ROME — Ancient Rome

The ancient heart of Rome lies in the southern end of the city near the Stazione Termini. This is probably the first place that most visitors to Rome want to visit because of its famous and historic landmarks.

The sights found here are:
Arco di Costantino
Circo Massimo
Colosseum
Palatine Hill
Imperial Forums
Roman Forum
Capitoline Hill
Capitoline Museums
Il Vittoriano
Palazzo Venezia

Arco di Costantino (Arch of Constantine)
This beautifully preserved arch found to the east of the Colosseum is one of the last great Roman monuments. It was built to commemorate the victory of Constantine over his rival Maxentius at the Battle of the Milvian Bridge in 312. It has religious significance because the battle’s victory caused the Emperor Constantine to convert to Christianity.

Circo Massimo (Circus Maximus)
Although there is nothing left of Ancient Rome’s largest stadium except for a few stones on the grass it is easy to imagine the racetrack and stands for the chariot races that were held here as far back as 4th century BC.

Colosseum

Colosseum
This is arguably one of Rome’s most famous sites. Here gladiators and prisoners met their fate either as victors or as the dinner of a hungry lion. The building was built with blocks of stone and brickwork. The outside of the building consists of four levels with the first three made up of 80 arches and the fourth divided into sections with windows. On the fourth level was an enormous canopy which was used as a roof to protect the spectators from the weather. The brickwork on the inner building was finished with a marble veneer. The arena itself was a huge wooden floor covered with sand while the subterranean passages consisted of a series of tunnels where the wild beasts and various equipment used during spectacles were held. The Colosseum held up to 73,000 spectators and you could only enter with a ticket which showed where the holder should go through the internal passages and corridors to find his or her seat.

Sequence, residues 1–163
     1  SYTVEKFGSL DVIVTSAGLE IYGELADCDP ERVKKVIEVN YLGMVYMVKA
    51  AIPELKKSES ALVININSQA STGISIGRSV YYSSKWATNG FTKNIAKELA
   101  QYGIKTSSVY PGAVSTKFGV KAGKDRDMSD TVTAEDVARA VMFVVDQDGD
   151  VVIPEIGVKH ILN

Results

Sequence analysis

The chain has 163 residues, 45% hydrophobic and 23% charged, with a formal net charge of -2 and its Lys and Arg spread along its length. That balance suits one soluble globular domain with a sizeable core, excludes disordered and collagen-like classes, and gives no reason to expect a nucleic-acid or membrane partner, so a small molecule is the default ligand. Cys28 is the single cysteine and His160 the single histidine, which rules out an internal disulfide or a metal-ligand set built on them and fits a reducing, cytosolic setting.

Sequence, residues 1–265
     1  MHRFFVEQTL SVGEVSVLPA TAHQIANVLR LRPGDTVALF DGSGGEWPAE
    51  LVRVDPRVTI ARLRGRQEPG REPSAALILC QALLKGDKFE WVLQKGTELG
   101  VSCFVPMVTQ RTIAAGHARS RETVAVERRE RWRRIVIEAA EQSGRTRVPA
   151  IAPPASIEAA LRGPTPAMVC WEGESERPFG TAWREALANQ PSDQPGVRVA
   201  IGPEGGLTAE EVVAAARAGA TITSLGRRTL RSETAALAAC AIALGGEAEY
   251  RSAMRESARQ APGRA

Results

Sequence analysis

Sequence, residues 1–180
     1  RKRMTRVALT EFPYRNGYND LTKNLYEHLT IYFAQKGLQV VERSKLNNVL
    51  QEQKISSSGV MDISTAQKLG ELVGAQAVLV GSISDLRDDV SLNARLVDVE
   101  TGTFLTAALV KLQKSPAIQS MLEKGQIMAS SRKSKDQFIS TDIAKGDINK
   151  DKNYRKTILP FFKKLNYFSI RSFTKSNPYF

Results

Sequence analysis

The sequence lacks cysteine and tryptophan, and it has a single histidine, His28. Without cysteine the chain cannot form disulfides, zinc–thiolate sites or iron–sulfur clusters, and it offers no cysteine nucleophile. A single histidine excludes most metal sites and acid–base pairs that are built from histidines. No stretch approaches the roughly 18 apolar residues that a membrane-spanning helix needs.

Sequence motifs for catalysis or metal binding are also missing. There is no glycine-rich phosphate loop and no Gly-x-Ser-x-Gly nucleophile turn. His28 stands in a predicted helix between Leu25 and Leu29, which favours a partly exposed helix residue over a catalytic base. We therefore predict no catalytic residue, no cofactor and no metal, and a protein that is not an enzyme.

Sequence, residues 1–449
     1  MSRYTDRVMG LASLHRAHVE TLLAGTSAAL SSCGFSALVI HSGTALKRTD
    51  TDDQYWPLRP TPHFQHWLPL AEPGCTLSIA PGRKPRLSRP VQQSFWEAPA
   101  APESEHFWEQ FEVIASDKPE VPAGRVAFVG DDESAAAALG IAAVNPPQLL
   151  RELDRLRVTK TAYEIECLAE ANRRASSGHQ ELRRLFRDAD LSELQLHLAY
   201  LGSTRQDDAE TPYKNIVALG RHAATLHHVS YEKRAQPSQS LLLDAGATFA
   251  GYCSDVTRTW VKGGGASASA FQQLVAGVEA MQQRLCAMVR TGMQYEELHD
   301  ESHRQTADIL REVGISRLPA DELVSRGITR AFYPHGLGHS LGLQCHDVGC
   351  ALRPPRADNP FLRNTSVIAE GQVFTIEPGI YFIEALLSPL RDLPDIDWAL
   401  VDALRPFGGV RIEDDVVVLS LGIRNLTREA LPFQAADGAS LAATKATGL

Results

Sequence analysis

For information about ticketing and hours visit the website at http://www.pierreci.it/en/museums-and-monuments/colosseo.aspx

Palatine Hill

Palatine Hill
The Palatine Hill overlooks the Roman Forum. According to ancient texts it was on this hill that the first settlement of Rome was made by Romulus in the middle of the 8th century BC. It is an area of magnificent views and ruins with the Roman Forum on one side and the Circus Maximus on the other. The site is now a large open-air museum which tourists can visit during the daytime. The entrance can be found near the Arch of Titus in the Roman Forum. The Palatine, because of its position, became the place where the powerful and wealthy chose to build their homes and relax. Among the ruins on the hill can be found, the Domus Flavia; the Domus Augustana; the Baths of Septimus Severus and the House of Livia. At the top of the hill, overlooking the Roman Forum are the Farnese Gardens. These gardens were designed by the Renaissance architect Vignola and were created for a member of one of the great papal families, Cardinal Alessandro Farnese.

Traveller's Tip

The Farnese Gardens are beautiful with many varieties of plants. It is a great place to take in the magnificent views over the Roman Forum.

Imperial Forums